The optical systems for motion capturing technologies utilize data captured from image sensors to triangulate the 3D position of a subject between one or more cameras that are calibrated to provide overlapping projections. The data is acquired using special markers attached to an actor. As the filmmaker adds more cameras, the system is capable of tracking a larger number of performers. These systems produce data with three degrees of freedom for each marker and the rotational information is inferred from the relative orientation of three or more markers.
Most films that involve CGI are based on animal characters, monsters, machines, or cartoon-like humans. Animators are now in pursuit of ways to develop realistic-looking humans. However, due to the complexity of human body functions, emotions, and interactions, this method of animation is rarely used. The more realistic a CG character becomes, the more difficult it is to create the nuances and details of a living person. The creation of hair and clothing that move convincingly with the animated human character is another area of difficulty. The use of humanoid creatures in CGI has become even more prevalent. CGI has opened up a world of possibilities that previously only existed in the imaginations of filmmakers and animators. Filmmakers, writers, and producers are able to stretch their imagination of storytelling to new levels, while actors are given the opportunity to represent many different characters within one film. Actors now have the ability to play dozens of characters within a single film. They can now play roles such as: aliens, monsters, mermaids, witches, and even elves from the future and the past.
James Cameron has had a deep and significant impact on the film community from a cinematic and technological perspective. From his 1st success, The Terminator, to his recent blockbuster, Avatar, he has continually pushed the envelope of filmmaking and the technology surrounding it. The Terminator and Terminator 2 marked the grounds for Cameron’s obsession with utilizing the latest film techniques and technologies. He incorporated the advanced model Terminator into both films, where he used cutting edge special effects from The Abyss to depict the liquid metal villain. In The Abyss he utilized several special effects divisions with motion control experience, which designed a program to produce surface waves of differing sizes and kinetic properties for the pseudopod. Cameron photographed the set from every angle and digitally recreated it so that the pseudopod could be accurately composited into the live-action footage. They spent six months to create seventy-five seconds of computer graphics needed for the creature.
James Cameron has been most regarded for his production of the Titanic, where he pushed the industry’s boundaries for special effects. He utilized technologies that added digital water and smoke. Extras were captured on a motion-capture stage and the visual effects supervisor Rob Legato scanned the faces of many actors in order to digitally create them as extras. Cameron utilized the green screen to showcase the sinking ship, thus saving a lot of money.
Vincent Pace and James Cameron developed a filming rig that is more advanced than anything that has gone before. The setup consists of a number of stereoscopic cameras that each use a pair of lenses built to mimic human eyes. The cameras are positioned close together and able to move a little in order to focus on objects that are nearby or far away. This technique allows the cinematographer to capture two images simultaneously, which align perfectly together and provide the illusion of depth. This was known as the Fusion Camera System or the Reality Camera System. The Fusion Camera System was the first to make use of the Sony HDC-F950 and later of the Sony HDC-1500 HD cameras when they became available. The cameras are equipped with Fujinon lenses from Fujifilm.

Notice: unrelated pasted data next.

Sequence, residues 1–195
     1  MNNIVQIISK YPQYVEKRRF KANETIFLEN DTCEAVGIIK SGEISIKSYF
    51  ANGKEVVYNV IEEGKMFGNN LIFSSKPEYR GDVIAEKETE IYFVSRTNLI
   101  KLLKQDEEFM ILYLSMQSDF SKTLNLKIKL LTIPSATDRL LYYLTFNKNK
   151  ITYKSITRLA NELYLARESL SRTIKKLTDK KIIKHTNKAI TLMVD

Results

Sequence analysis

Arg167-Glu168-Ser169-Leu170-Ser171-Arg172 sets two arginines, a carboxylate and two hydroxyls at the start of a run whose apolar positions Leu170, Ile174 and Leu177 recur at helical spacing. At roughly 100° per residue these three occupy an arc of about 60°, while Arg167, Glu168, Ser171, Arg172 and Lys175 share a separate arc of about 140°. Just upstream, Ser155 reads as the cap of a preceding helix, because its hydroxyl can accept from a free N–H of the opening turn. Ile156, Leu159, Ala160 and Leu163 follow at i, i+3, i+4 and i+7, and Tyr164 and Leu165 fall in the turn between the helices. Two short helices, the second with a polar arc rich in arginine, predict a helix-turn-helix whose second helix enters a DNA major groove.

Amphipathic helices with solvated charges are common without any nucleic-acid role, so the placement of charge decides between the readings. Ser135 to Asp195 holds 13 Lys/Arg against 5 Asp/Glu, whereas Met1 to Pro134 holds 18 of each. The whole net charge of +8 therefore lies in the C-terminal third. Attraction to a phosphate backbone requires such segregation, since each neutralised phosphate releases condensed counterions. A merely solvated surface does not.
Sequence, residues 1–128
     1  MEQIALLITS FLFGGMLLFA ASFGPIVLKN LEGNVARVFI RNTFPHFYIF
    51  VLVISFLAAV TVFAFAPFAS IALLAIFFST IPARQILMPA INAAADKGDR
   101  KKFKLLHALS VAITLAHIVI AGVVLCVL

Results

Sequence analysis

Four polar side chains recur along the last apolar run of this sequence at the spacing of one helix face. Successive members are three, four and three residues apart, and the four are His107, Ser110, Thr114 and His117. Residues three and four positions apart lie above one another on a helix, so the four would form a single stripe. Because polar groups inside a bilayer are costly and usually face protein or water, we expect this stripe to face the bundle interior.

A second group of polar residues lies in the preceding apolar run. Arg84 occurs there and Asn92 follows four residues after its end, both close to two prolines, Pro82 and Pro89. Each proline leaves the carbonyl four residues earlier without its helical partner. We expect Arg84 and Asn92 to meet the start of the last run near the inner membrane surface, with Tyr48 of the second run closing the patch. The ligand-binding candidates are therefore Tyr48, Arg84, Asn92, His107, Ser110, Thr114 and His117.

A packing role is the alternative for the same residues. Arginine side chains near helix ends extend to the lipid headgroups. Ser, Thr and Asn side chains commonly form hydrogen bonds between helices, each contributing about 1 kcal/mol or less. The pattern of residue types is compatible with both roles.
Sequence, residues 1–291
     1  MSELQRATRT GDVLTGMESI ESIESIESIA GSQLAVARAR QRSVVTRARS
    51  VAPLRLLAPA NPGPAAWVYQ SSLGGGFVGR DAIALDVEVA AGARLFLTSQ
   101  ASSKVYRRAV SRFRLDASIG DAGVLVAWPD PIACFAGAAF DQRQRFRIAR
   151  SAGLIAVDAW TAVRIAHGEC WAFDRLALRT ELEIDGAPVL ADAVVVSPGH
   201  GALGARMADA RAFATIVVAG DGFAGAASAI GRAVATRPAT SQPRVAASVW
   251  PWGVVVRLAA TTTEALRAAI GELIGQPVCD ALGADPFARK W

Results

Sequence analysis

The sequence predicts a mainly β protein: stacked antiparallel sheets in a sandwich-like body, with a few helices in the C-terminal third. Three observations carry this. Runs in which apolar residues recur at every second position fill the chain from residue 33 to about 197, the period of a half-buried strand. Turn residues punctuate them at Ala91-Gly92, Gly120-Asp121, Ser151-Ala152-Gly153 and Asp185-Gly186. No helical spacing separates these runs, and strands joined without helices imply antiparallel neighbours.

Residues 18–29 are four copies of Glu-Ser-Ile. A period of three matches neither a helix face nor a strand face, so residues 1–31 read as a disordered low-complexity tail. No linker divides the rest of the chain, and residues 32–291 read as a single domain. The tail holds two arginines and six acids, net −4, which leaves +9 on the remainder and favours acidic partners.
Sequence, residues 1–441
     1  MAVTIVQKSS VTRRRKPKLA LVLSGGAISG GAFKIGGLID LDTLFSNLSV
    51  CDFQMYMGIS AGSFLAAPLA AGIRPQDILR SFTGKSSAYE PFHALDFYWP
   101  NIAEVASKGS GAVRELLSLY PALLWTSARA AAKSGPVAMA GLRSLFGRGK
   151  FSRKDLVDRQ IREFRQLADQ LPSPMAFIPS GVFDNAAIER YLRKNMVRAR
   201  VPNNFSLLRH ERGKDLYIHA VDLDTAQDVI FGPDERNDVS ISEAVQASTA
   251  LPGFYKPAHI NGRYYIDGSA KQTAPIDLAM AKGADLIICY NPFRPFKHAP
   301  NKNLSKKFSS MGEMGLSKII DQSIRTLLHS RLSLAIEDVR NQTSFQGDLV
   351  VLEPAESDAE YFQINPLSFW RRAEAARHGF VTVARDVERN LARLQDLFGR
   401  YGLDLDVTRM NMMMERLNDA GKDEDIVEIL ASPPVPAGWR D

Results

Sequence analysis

The Fusion 3-D camera system that Cameron helped pioneer was used for his IMAX feature Ghost of the Abyss in 2003, and has gone on to making live-action digital 3D films like Journey to the Center of the Earth. Cameron has won plenty of awards including, but not limited to, Academy Awards for Best Film Editing, Honorary Degree of Doctor from University of Southhampton for his contribution to underwater filming and remote vehicle technology, and a Lifetime Achievement Award from the Visual Effects Society. James Cameron’s Avatar James Cameron’s Avatar was filmed in photo-realistic, “stereoscopic 3D,” which mixes live-action and CGI imagery in a seamless blend. Avatar utilizes 60% CGI imagery, with a majority of the CG character animation filmed with revolutionary new motion-capture techniques using live actors. The other 40% of the film utilizes the traditional techniques of live-action imagery. James Cameron began to work on Avatar since the early 1990s. He delayed the film for several reasons, the primary reason being that the film’s technology was not adequate enough to support the vision of the film. At the time, Cameron wanted to make use of photorealistic computer generated characters with newly developed technologies. Finally, in 2006, he was able to develop new motion-capture animation technologies in order to bring his vision to reality. To bring the CG characters to life in the most realistic sense, Cameron redefined the way motion capture (or “performance capture”) sequences were filmed. His actors wore special bodysuits and head rigs equipped with a standard definition camera that took constant images of their faces. That data was then transmitted to another camera creating a real-time image of the live actor “wearing” their CGI costume. This allowed the director to see the motion capture results in real-time, as they were filmed, instead of waiting for the computer to render the images.